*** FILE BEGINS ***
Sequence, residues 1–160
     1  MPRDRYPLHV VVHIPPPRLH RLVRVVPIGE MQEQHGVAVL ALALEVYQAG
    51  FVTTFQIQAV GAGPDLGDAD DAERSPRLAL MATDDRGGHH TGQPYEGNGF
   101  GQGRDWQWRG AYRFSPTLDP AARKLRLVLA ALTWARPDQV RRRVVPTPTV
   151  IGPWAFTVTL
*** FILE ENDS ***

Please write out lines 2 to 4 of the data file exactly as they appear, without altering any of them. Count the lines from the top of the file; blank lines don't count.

     1  MPRDRYPLHV VVHIPPPRLH RLVRVVPIGE MQEQHGVAVL ALALEVYQAG
    51  FVTTFQIQAV GAGPDLGDAD DAERSPRLAL MATDDRGGHH TGQPYEGNGF
   101  GQGRDWQWRG AYRFSPTLDP AARKLRLVLA ALTWARPDQV RRRVVPTPTV